Islamist terror group Boko Haram's insurgency in Nigeria's northeastern regions is forcing thousands to flee their homes and into the neighbouring countries of Cameroon, Chad and Niger, according to local authorities.
While the number of Nigerians crossing to Chad and Niger is increasing, the border towns of Cameroon are witnessing the largest influx of people displaced by Boko Haram's violence.
"We've been flooded here in Mora [in Cameroon] by Cameroonians and Nigerians fleeing Boko Haram," a police officer in the town, speaking on condition of anonymity, said.
"The day before yesterday, there were already more than 10,000 people in Mora. Not a day goes by without more people coming."
The officer added that over 6,000 people had arrived in the town of Kolofata from the Nigerian border states.
The United Nations Office for the Coordination of Humanitarian Affairs (UNOCHA) said last month that Boko Haram's violent attacks on villages in the northeastern states of Borno, Yobe and Adamawa had forced approximately 650,000 people from their homes.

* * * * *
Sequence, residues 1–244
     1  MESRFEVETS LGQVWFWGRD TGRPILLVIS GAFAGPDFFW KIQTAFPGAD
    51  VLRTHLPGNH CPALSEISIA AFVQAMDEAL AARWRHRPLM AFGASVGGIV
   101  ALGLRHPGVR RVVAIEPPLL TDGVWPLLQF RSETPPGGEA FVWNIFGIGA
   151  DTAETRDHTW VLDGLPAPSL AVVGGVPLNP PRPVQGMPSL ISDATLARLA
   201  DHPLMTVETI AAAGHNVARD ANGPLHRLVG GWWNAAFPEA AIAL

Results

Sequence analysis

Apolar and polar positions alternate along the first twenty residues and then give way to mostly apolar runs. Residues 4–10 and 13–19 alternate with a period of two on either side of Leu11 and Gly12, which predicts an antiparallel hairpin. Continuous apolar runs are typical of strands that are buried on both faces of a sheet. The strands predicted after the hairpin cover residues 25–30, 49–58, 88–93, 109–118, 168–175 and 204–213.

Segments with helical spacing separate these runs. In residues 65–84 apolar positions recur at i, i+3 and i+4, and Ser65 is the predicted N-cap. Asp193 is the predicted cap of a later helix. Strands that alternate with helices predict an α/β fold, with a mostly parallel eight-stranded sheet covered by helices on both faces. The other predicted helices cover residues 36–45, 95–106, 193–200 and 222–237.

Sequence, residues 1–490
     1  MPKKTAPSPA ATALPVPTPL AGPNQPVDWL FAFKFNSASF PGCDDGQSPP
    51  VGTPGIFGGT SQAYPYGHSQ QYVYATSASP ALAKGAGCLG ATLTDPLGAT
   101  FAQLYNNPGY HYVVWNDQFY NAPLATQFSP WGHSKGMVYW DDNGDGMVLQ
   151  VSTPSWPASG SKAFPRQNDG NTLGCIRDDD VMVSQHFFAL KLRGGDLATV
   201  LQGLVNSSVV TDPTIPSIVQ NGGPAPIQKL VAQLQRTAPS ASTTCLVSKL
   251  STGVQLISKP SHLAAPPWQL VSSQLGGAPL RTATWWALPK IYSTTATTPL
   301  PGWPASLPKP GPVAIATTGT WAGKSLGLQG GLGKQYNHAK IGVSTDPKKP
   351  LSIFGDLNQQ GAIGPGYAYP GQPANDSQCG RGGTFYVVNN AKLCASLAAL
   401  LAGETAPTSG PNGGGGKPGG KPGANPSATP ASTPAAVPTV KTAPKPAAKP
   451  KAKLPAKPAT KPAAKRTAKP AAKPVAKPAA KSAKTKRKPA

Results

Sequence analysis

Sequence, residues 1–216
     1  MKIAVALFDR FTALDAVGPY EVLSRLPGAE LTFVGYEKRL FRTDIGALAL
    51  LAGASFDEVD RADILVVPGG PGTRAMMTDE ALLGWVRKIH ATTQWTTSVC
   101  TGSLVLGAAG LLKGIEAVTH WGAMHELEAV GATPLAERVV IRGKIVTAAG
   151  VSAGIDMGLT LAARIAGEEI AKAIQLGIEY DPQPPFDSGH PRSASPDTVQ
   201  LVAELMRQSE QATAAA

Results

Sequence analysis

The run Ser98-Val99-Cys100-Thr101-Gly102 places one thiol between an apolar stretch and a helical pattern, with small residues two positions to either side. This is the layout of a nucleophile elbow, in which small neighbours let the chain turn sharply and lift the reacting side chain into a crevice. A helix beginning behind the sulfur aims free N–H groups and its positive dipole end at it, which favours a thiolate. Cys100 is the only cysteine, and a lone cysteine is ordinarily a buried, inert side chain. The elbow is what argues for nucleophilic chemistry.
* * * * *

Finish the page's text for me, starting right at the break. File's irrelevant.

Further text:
Nigeria's National Emergency Management Agency said that almost 11,500 people have fled the Nigerian town of Gwoza, which was seized by the militants last month.
Following its capture of the town, the terror group announced a new 'Islamic State' where it implemented Sharia law, beheading Christian men in the area and forcing their wives into marriage with the group's members, according to local media reports.
The unnamed Cameroonian police officer confirmed that, after the arrival of thousands, registration of the displaced Nigerians had been initiated in Mora.
"People are everywhere: in schools, under trees and in the markets," he added. "They're all coming from [Cameroonian and Nigerian] villages in the Kerawa area."
Amid reports that Nigerian troops have also fled Boko Haram into the border towns of Cameroon, Andrew Noakes, coordinator of the Nigerian Security Network (NSN), said that President Goodluck Jonathan's administration must do more to equip forces in the embattled region.
"Morale is extremely low because often troops are sent into battle with inadequate equipment and insufficient ammunition. There is an urgent need to ensure the army is properly equipped," he said.
Earlier this year, the group - who wish to expand their 'Caliphate' in northeastern Nigeria - kidnapped more than 200 schoolgirls in the village of Chibok, bringing global attention to the west African nation's fight against terrorism.
According to Human Rights Watch, the militants have killed at least 2,053 people since the beginning of 2014.